This calligraphic fragment includes verses 13–18 of the 81st chapter of the Qur'an entitled Al-Takwir (The folding up). The text continues with verses 18–21 on the fragment's verso. This surah (chapter) provides a series of graphic images of the Day of Judgment, when the world shatters and souls are weighed in the balance: “And when the Garden is brought near, / Then each soul will know what it has done.” (81:13–14). The style of the script is close to the Kufi D.I. category of ...
Contributed by Library of Congress
The Tale of the Bamboo Cutter
This 17th-century scroll recounts the story of Taketori Monogatari (The tale of the bamboo cutter), famous as the earliest piece of prose fiction in the Japanese literary tradition and originally written around the 10th century. In the scroll, flowers are drawn on the paper of the main text. The main preoccupation of the story is Kaguyahime, discovered as a tiny infant inside a mysteriously glowing bamboo stem by an elderly bamboo cutter. He and his wife raise her as their daughter, and Kaguyahime quickly becomes a beautiful young woman, a ...
Contributed by National Diet Library
The Diwan
Al-Waleed ibn Ubaidillah Al-Buhturi (821–97 AD; 206–48 AH) was a leading Arab poet who was born in Manbij, in present-day Syria, and lived in the early Abbasid dynasty. He was a companion of the Abbasid caliph, Al-Mutawakil, whom Al-Buhturi saw murdered before his eyes in 861. The violent incident weighed heavily on the poet’s psyche, sending him into self-exile and a period of seclusion. Often mentioned in connection with two other preeminent poets of the Abbasid era, Abu Tamman who preceded him and Al-Mutanabbi who succeeded him ...
Contributed by Bibliotheca Alexandrina
The Book of Misers
Abu Uthman Amr ibn Bahr al-Kinani (776–869 AD; 163–255 AH), nicknamed Al-Jahiz for his bulging eyes, was a leading literary figure who lived during the early Abbasid era. He was born and died in Basra, Iraq. It was said that his grandfather was a slave from East Africa. Al-Jahiz was a prolific writer on subjects ranging from theology, to politics, to manners, who left many highly significant works. He is credited with having profoundly shaped the rules of Arabic prose. Al-bukhalaa (The book of misers) is considered a ...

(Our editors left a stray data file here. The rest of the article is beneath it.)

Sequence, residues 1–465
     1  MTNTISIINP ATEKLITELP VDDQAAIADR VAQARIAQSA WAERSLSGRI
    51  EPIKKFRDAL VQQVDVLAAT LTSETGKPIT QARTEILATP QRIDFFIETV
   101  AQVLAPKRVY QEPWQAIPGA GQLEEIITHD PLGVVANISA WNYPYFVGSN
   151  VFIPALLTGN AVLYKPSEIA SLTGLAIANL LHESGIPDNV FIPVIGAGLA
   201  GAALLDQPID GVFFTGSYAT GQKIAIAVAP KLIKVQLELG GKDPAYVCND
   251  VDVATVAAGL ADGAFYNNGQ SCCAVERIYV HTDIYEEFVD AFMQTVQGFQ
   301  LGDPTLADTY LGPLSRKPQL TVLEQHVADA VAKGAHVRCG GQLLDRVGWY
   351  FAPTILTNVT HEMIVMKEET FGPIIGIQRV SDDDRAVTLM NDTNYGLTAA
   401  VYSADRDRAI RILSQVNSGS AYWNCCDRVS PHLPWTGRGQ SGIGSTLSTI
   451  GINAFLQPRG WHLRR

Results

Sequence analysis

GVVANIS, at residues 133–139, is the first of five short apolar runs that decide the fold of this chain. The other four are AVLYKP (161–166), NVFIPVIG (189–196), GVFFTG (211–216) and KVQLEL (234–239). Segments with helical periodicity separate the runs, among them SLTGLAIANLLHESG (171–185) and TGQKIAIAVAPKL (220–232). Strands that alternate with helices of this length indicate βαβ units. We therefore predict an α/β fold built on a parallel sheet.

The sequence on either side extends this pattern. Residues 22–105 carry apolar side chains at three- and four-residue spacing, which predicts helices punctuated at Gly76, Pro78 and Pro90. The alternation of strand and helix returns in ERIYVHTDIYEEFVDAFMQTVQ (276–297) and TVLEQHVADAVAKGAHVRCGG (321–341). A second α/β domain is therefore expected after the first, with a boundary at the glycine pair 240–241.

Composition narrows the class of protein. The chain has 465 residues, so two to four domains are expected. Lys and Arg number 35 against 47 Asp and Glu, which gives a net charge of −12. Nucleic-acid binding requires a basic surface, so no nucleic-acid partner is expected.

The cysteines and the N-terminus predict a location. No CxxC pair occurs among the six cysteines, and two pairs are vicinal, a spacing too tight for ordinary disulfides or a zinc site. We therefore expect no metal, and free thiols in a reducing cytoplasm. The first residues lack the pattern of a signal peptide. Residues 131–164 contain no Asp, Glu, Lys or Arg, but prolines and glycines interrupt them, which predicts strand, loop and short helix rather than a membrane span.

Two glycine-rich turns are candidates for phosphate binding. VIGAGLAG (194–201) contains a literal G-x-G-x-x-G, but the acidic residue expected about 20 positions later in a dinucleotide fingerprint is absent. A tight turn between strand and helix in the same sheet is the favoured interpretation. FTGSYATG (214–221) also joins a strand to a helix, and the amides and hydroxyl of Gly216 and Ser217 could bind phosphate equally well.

Contributed by Bibliotheca Alexandrina
The Meadows of Gold and Mines of Gems
Abu al-Hasan Ali ibn al-Husayn ibn Ali al-Mas'udi (circa 896–956 AD, 283–345 AH) was an Arab historian and geographer, known as the "Herodotus of the Arabs." He was one of the first scholars to combine history and scientific geography in a large-scale work. Muruj adh-dhahab wa ma'adin al-jawhar (The meadows of gold and mines of gems) is a book of world history that combines rewritten versions of two of al-Masudi’s earlier works. The first half of the book is of enormous value, although somewhat sprawling ...
Contributed by Bibliotheca Alexandrina
The Book of Songs
Abu Al-Faraj Al-Isbahani (or Al-Isfahani, 897–967 AD) was a literary scholar, poet, and genealogist who was born in Isfahan, in present-day Iran, but lived much of his life in Baghdad and Aleppo. Kitab al-Aghani (The book of songs) is often considered his masterpiece. A dozen or more other works by him are known. Most of them describe the indulgent social life of his times, a topical choice that prompted considerable criticism especially from clerics, some of whom went as far as to question his scholarly rigor and authenticity. Al-Isbahani ...
Contributed by Bibliotheca Alexandrina
The Comprehensive Book on medicine, Part Two, in Diseases of the Eye
One of the earliest pioneers in the history of medicine, Abū Bakr Muḥammad ibn Zakariyā al-Rāzī (also known by the Latinized version of his name, Rhazes or Rasis, 865–925 AD, 251–313 AH) was a Muslim Persian polymath, physician, and philosopher. He was born in the city of Rayy, near present-day Tehran, Iran, and spent most of his life between his birthplace and Baghdad, the capital city of the Abbasid caliphate. He taught medicine and was the chief physician in both cities. He made major and lasting contributions to ...
Contributed by Bibliotheca Alexandrina